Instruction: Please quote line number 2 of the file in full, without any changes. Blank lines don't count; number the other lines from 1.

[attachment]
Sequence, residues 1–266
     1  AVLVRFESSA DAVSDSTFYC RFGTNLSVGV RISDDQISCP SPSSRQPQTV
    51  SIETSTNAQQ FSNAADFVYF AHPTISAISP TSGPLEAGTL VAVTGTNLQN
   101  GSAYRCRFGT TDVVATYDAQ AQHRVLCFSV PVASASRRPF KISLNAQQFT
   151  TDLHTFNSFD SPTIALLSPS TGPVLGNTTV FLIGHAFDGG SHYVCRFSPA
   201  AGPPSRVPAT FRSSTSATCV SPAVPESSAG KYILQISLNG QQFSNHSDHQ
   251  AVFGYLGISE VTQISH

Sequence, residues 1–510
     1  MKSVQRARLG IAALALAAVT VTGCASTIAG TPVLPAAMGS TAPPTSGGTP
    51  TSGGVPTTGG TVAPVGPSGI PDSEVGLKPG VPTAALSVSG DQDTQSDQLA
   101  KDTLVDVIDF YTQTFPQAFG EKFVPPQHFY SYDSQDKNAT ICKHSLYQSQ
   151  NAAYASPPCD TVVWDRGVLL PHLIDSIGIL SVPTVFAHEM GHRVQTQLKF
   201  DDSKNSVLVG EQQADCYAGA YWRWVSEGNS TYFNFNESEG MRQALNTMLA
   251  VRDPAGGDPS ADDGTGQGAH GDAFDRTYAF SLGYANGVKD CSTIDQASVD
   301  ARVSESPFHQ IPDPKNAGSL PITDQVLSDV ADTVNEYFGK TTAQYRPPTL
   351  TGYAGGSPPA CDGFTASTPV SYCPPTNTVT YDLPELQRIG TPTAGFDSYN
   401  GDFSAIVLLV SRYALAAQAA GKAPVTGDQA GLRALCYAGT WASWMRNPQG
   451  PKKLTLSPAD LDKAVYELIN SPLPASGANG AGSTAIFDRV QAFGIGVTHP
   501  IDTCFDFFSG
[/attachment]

     1  AVLVRFESSA DAVSDSTFYC RFGTNLSVGV RISDDQISCP SPSSRQPQTV